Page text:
Advocates for students with disabilities were still reviewing the changes to determine their impact. Lindsay E. Jones, the chief policy and advocacy officer for the National Center for Learning Disabilities, said she was particularly concerned to see guidance documents outlining how schools could use federal money for special education removed.

“All of these are meant to be very useful … in helping schools and parents understand and fill in with concrete examples the way the law is meant to work when it’s being implemented in various situations,” said Jones.

President Trump in February signed an executive order “to alleviate unnecessary regulatory burdens,” spurring Education Department officials to begin a top-to-bottom review of its regulations. The department sought comments on possible changes to the special education guidance and held a hearing, during which many disability rights groups and other education advocates pressed officials to keep all of the guidance documents in place, Jones said.

This is not the first time DeVos has rolled back Education Department guidance, moves that have raised the ire of civil rights groups. The secretary in February signed off on Trump’s rescinding of guidance that directed schools to allow transgender students to use bathrooms in accordance with their gender identity, saying that those matters should be left up to state and local school officials. In September, she scrapped rules that outlined how schools should investigate allegations of sexual assault, arguing that the Obama-era guidance did not sufficiently take into account the rights of the accused.

“Much of the guidance around [the Individuals with Disabilities Education Act] focused on critical clarifications of the regulations required to meet the needs of students with disabilities and provide them a free, appropriate public education in the least restrictive environment,” Scott said in a statement. “Notwithstanding the actions taken by the Department today, the regulations still remained enforced; however they lack the clarification the guidance provided.”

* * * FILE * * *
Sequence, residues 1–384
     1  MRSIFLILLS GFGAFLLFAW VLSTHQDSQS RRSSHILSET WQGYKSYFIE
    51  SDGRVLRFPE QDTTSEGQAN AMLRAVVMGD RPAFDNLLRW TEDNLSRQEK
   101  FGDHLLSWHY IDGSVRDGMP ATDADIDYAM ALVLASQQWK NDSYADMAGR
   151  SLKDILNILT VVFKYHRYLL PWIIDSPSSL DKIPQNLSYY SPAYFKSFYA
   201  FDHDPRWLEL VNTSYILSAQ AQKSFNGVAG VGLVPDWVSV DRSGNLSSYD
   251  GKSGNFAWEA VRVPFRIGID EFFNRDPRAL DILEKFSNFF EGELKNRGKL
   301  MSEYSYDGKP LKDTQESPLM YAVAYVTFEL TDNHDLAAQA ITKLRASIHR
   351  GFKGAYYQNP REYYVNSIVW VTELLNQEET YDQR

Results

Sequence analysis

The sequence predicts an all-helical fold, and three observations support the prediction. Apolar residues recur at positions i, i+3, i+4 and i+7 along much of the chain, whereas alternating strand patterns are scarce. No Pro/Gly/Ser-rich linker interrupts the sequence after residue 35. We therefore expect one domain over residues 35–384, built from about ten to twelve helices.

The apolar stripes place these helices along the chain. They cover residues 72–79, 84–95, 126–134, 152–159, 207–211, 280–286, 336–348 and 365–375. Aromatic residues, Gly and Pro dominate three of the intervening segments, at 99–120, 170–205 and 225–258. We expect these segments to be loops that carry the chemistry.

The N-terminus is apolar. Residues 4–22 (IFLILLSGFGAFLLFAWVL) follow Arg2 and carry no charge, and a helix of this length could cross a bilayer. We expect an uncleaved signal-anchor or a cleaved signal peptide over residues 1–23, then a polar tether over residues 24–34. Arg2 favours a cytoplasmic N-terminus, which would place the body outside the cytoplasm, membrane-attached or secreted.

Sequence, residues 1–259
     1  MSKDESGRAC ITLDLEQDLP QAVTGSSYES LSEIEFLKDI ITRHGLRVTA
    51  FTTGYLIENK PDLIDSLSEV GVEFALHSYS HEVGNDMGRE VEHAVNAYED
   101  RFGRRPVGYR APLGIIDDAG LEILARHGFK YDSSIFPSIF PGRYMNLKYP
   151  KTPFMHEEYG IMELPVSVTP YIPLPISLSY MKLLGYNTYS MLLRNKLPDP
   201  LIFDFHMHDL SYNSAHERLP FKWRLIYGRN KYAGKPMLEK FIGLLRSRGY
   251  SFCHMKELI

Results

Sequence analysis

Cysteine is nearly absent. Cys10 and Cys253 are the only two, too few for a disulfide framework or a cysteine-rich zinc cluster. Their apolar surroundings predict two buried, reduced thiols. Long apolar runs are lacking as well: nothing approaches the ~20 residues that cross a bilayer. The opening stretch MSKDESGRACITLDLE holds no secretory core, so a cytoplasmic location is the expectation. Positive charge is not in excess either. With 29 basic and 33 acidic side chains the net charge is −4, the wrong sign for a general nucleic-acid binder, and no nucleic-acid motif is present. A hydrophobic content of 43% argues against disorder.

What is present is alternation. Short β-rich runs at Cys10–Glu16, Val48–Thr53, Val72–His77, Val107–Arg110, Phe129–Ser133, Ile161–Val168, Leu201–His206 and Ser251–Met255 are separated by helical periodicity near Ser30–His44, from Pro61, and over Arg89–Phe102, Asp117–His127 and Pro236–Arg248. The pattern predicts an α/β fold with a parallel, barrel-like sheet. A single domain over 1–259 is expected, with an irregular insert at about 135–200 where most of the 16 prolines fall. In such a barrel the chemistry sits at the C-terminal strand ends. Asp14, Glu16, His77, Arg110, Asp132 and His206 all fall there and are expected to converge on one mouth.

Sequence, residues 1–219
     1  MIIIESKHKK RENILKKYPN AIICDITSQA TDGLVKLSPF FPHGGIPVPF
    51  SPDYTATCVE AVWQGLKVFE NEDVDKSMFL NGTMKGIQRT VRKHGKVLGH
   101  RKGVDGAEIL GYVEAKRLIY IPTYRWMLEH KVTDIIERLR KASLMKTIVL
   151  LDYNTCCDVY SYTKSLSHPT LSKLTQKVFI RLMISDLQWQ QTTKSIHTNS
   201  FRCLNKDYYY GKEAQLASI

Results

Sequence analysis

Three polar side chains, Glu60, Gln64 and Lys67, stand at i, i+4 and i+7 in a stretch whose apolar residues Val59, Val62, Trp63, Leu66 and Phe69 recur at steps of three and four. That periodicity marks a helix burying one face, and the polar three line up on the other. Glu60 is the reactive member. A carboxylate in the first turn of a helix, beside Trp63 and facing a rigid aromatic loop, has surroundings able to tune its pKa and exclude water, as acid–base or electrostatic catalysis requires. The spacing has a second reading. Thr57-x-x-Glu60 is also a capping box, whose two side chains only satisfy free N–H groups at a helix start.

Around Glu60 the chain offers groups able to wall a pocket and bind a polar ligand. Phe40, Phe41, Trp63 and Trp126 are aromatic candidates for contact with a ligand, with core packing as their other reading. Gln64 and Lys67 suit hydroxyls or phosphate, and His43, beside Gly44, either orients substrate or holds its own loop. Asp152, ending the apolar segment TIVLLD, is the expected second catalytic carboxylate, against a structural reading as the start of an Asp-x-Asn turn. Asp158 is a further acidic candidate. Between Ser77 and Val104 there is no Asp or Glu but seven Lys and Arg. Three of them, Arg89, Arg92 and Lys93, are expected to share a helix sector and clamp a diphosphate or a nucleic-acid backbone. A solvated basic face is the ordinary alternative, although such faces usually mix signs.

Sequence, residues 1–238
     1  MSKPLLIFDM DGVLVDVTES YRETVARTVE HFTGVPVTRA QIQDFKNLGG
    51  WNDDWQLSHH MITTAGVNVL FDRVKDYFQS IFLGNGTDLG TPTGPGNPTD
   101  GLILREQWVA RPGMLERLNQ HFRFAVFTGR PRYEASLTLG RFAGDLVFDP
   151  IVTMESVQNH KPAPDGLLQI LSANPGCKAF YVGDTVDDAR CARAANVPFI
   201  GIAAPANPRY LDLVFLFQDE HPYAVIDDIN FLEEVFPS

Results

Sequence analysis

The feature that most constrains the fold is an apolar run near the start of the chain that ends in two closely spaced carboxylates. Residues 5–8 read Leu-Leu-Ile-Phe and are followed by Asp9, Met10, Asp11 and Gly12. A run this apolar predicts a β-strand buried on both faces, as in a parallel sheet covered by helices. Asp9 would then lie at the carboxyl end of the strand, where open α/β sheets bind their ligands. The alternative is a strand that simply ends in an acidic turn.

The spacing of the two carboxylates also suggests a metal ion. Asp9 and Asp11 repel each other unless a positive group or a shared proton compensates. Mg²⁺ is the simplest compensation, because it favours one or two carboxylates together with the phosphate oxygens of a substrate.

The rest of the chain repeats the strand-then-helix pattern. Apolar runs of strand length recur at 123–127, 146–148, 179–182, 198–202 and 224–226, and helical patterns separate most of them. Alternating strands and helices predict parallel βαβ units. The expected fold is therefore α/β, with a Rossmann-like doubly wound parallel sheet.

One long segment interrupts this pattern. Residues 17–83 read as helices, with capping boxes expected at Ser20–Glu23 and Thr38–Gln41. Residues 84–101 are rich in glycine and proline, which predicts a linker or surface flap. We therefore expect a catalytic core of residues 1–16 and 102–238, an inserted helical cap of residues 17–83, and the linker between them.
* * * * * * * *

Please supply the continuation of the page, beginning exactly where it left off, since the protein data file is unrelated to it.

(Trump administration rolls back protections for transgender students)

The special education guidance documents rescinded this month clarified the rights of disabled students in a number of areas, including making clear how schools could spend federal money set aside for special education. Some, such as one titled “Questions and Answers on Serving Children with Disabilities Placed by Their Parents at Private Schools,” translated the legal jargon into plain English for parents advocating for their children. Some of the guidance documents that were cut had been on the books since 1980s.

Jones said it is not unusual for new administrations to update documents or to eliminate redundancies, but she had never seen so many eliminated at one time.

“If the documents that are on this list are all covered in newer documents that were released — which sometimes does happen — that would be fine,” said Jones.” Our goal is to make sure that parents and schools and educators understand how these laws work, and the department plays a critical role in that.”

Moriah Balingit writes about education for the Post. Follow @ByMoriah

 
© 2003 The E-Accountability Foundation